The Olympic Stadium
We proposed this walk to Ric and Gabriella who were over from Canada for a family party: it offered the prospect of seeing an unfamiliar part of east London and culminating with a view of the Olympic Park.
The walk, which we found on the London Town site starts at Limehouse DLR station. It actually pre-dates the games, but it is still easy to follow - and there are more signs now. You being by walking down to meet the Thames at Narrow St and we took the opportunity to have an enjoyable lunch at Gordon Ramsay's The Narrow pub. Here is the view west along the river, with the Shard as the main landmark.
You head east and immediately come to Limehouse Basin. Now a rather modern-looking marina, it was built in 1820 as the Regent Canal Basin, connecting the Regent's Canal to the Thames and allowing seagoing ships to offload cargo onto canal barges.
The Regent's canal heads north, but we followed a short stretch of canal leading to the Limehouse Cut to the east. The Limehouse Cut is apparently the oldest canal in London and dates from 1767. It connects the tidal River Lea to the Thames and by its use of locks avoided the need to wait for the tide. It originally entered the Thames to the east of here, and the link into Limehouse Basin was only made in 1968 - which must make it one of the last stretches of canal to be built.
The defining characteristic of the next two miles of tow path is that they are dead straight, which is very striking, but not visually very exciting, with flats and light industrial buildings on both sides. I suppose I should have taken a picture anyway.
At Bow Locks the canal and river converge, without meeting, as the canal runs beside the river. The path continues on a narrow spit of land in between the two. There has been a lock here since the 14th century, but the current version looks rather the worse for wear. If you look carefully in this photo, you can see a heron intently studying the algae-covered water of the lock. The towers of Canary Wharf lie behind.
A little further on, the Cut was home to this pair of Egyptian Geese, once an exotic collectors species, but seemingly increasingly common - rather like the green parakeets in London's parks.
At the end of this section we reached Three Mills. This area has been the site of mills since the Domesday Book. This is the Clock Mill, which was rebuilt in 1815-7 and is apparently the largest tidal mill in the world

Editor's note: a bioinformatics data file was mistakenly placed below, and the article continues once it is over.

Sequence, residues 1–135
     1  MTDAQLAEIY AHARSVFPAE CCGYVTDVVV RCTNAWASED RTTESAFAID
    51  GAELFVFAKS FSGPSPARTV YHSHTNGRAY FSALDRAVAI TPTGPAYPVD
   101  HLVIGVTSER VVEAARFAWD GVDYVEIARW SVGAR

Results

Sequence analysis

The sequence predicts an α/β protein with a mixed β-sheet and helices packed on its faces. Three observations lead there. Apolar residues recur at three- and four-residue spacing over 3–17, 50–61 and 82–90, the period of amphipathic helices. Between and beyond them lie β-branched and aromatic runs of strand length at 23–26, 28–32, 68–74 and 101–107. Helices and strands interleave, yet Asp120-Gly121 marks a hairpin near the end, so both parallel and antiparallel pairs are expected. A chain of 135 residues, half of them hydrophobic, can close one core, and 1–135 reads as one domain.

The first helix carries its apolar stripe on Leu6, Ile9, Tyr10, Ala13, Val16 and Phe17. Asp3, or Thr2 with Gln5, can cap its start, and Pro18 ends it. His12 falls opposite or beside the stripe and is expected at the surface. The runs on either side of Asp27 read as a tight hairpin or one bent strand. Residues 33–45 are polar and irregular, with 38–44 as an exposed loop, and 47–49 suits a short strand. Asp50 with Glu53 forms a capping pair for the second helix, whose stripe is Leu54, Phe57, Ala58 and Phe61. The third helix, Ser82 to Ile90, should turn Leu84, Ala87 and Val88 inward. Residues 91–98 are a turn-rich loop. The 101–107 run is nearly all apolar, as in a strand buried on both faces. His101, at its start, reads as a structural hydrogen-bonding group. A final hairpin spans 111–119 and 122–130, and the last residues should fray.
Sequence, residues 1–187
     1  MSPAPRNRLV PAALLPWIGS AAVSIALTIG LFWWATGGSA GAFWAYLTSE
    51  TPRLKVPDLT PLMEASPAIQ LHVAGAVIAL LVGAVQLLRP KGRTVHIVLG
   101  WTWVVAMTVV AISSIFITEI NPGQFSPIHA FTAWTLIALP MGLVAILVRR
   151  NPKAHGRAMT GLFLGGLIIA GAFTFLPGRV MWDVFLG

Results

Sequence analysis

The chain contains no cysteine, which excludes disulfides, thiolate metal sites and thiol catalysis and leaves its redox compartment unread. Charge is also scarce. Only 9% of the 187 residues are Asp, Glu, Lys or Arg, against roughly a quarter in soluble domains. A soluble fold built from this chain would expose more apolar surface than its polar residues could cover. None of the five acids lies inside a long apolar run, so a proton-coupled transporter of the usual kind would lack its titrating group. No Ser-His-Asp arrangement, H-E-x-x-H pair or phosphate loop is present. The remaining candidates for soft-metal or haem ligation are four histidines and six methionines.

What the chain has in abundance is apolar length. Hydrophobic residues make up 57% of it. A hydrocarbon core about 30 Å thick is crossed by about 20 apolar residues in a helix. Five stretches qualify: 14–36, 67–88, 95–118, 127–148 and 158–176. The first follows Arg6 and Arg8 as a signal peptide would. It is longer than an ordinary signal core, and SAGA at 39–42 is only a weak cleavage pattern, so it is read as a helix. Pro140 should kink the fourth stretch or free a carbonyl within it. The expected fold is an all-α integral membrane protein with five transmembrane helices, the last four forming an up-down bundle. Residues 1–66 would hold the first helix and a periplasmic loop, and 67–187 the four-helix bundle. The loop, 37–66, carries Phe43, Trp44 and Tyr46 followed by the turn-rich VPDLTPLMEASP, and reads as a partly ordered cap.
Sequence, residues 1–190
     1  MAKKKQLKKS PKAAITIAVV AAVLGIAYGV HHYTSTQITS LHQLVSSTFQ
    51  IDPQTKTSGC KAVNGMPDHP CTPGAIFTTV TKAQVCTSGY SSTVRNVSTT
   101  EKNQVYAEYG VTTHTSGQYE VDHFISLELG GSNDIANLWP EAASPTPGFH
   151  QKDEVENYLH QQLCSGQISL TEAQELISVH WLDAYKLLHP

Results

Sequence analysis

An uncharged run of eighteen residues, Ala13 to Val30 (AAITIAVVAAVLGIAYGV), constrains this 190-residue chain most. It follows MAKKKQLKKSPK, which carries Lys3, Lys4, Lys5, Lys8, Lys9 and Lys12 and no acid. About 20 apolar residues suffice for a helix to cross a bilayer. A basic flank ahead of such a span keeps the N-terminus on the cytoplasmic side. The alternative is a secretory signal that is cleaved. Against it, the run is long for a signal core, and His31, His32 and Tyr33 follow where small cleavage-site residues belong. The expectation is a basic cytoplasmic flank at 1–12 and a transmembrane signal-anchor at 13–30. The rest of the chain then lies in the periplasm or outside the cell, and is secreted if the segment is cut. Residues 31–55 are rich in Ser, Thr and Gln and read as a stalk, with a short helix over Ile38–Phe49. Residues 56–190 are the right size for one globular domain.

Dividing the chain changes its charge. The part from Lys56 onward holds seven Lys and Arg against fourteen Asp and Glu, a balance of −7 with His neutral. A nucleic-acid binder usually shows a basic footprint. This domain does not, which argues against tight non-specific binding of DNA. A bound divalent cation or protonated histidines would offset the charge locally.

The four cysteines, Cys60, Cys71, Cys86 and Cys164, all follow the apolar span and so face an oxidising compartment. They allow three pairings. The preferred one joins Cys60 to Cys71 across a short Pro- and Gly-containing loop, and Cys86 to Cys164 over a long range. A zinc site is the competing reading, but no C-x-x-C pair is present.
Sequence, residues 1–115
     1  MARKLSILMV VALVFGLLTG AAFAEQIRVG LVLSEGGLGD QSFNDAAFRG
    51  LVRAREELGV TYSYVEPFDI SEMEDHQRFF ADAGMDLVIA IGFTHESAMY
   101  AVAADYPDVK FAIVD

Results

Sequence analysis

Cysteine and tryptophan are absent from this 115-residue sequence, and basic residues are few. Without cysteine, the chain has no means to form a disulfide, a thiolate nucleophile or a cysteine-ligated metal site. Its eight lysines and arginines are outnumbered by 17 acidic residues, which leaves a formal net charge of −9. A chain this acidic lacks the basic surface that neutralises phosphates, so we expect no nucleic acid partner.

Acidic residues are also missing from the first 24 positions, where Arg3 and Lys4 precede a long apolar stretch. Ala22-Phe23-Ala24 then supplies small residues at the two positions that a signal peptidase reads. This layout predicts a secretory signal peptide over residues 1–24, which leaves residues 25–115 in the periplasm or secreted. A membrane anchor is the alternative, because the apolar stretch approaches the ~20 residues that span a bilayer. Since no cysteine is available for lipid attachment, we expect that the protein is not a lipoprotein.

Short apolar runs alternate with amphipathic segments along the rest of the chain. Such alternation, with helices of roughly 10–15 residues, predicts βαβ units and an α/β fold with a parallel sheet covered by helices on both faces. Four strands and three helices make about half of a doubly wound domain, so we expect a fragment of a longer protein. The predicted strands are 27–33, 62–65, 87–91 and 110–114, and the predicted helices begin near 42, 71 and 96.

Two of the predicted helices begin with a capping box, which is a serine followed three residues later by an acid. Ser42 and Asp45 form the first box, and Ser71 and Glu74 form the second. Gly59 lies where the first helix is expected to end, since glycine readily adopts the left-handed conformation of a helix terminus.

Behind the mills is the Three Mills Film Studio. We now entered Three Mills Island, which was "revitalised" as part of the Olympics. There is a pleasant walkway, permanent table tennis tables (to the right) and a new memorial to four men who died as a result of "bad air" while working in a well in 1901. Three of the men died trying the rescue the fourth.
There is a large grassy area to the right of the path and beyond it I could see an interesting cupola. After extensive research has discovered that it is the Abbey Mills Pumping Station. It was the of Sir Joseph Bazalgette, the architect of the London sewers, and its fantastic Byzantine styling, with polychrome brickwork led to it being nicknamed the Cathedral of Sewage. You can find out more from Wikipedia and see other pictures here.
We emerged onto the busy A12, now close to the Olympic Park and after some uncertainty - there are lots of temporary barriers blocking the paths - we found what seemed to be Pudding Mill Lane. There were further signs about the road being closed and more barriers, but after a snaking route between building sites we had confirmation that we were on the right track.
This brought us the the View Tube which overlooks the Olympic Park. From here there was a great view of the Stadium (see the photo at the head of this post) and of the Orbit, with Zaha Hadid's Aquatic Centre to the right.
There was lots of work going on in the Olympic Park, which will, it appears, re-open as the Queen Elizabeth Park next year. And some part of the other works and disruption is associated with Crossrail. We followed the Greenway away from the View Tube towards Hackney. There were more barriers everywhere, great piles of earth (spoil from tunneling perhaps) and a general air of abandonment which we found rather dismaying.
However, when we reached Hackney Wick overground station we saw real abandonment in the form of this derelict pub which had been given a curiously tasteful wash of pastel colours.
Conditions: cloudy, but mild.
Distance: about four miles.
Rating: three stars.